In principle, the latter two can be combined, so as to make it a two-way tradeoff. The two goals would be maximum throughput versus sustainable throughput. Sustainable throughput is the amount of healing that can be put out without going out of mana.

Once we get there, I suspect most people wouldn't pay much attention to maximum throughput. You can always use cooldowns and apply pre-hots to get through the hard parts of fights, so maximum throughput should rarely be a problem. The real reason druids want better throughput, I think, is that it indirectly helps sustainable throughput. When lifebloom heals for more, you can spend less time casting healing tuch and more time casting nourish.

The level of sustainable throughput depends on how long the fight is. That's because you start the fight with a full bar of mana. With a very short fight, maximum throughput is the same as sustainable throughput, because even at maximum burn rate you won't run out of mana. As fights get longer, sustainable throughput decreases toward an asymptote. For absurdly long fights, the initial mana bar becomes irrelevant.

I haven't tried to theorycraft the computation of sustainable throughput. I would love to see any work that others have done on it. It is likely helpful to divide it into two components: one for the infinite-length fight that ignores the initial mana bar, and one that figures out the advantages of burning through the initial mana bar over the course of the fight. The full sustainable throughput is the sum of the other two.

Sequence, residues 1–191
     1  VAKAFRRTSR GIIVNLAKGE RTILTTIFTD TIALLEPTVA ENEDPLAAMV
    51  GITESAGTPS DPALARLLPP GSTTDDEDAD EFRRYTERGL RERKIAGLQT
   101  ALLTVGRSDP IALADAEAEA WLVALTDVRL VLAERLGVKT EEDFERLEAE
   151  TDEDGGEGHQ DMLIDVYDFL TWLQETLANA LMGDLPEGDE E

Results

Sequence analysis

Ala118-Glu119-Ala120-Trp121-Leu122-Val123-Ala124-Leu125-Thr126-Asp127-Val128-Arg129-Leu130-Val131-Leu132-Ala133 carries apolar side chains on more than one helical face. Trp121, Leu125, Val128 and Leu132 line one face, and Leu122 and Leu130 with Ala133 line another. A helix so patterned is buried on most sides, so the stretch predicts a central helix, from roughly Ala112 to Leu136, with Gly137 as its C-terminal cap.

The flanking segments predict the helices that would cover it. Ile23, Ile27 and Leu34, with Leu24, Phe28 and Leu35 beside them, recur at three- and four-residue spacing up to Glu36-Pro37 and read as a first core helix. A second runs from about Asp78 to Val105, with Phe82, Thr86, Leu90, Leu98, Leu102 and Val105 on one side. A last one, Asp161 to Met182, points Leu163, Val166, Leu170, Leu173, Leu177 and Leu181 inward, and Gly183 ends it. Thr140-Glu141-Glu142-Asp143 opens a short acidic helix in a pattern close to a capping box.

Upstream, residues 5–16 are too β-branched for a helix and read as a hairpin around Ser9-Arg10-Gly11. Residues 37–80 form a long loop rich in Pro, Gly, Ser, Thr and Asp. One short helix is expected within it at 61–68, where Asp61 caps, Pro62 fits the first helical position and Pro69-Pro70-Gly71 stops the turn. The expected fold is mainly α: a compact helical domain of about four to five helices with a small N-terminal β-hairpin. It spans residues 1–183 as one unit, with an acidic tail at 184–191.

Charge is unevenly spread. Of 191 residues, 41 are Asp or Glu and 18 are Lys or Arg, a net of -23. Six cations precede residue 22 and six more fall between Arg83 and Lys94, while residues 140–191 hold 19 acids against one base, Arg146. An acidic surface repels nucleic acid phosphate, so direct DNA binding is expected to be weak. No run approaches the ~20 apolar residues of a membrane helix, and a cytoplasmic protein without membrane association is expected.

Maximum sustainable throughput might not only affect gearing, but spell selection. In principle, it could even be helpful to pause for a few seconds and, let mana regen, and then cast a more effective spell after a few seconds. I don't know whether that's really true or not, but in principle it could help. Sustainable throughput gives a way to analyze decisions about spell selection.

Sustainable throughput is more valuable when damage is less spiky. With spiky damage, you just have to drop big heals on the tank so that they don't get gibbed. With slower damage, you can afford to wait a few seconds and do things more efficiently.

All in all, I'd like to see more emphasis on sustainable throughput. It looks clarifying for gearing and spell selection, especially with Cataclysms smoother damage patterns.

I like the new resto design

Druids love to hate the new design of restoration druids. For example:
Memo to angry boomchickens: Take a look at the resto community – they complained so much that Blizzard KILLED THEIR FORM (almost) ENTIRELY. Is that what you want? I didn’t think so. Go with the flow, take what your given, and Blizzard will show you love when they’re good and ready, AKA soon (trademark Blizzard, 2004-2010).

If you ask me, restoration druids got a tremendous overhaul and improvement in Cataclysm. Let me count some ways:
  1. The new form looks awesome. I never liked the rotten brocolli. It looks wimpy and silly, and generally not a character that is going to take down a dragon. Additionally, I like that you now see a little bit of your gear when you shift into tree form. I might even shift into tree forrm for some boss screenshots without everyone wondering which tree is Ohken.
  2. I like shapeshifting. I like how in lowbie dungeons when you are leveling, it can actually make sense to shift out of a dps form and heal a little. It can make sense to shift to bear and hold aggro for a few seconds. That mostly goes away in raids, the main exception being that bear tanks can switch to cat form to do a little bit more dps. Now there's a second exception: restoration druids shift like crazy. I love it.
  3. I like cooldowns. When approaching a difficult fight, one of the things a restoration druid does is decide when to use tree of life and tranquility. It adds an additional aspect to the fight.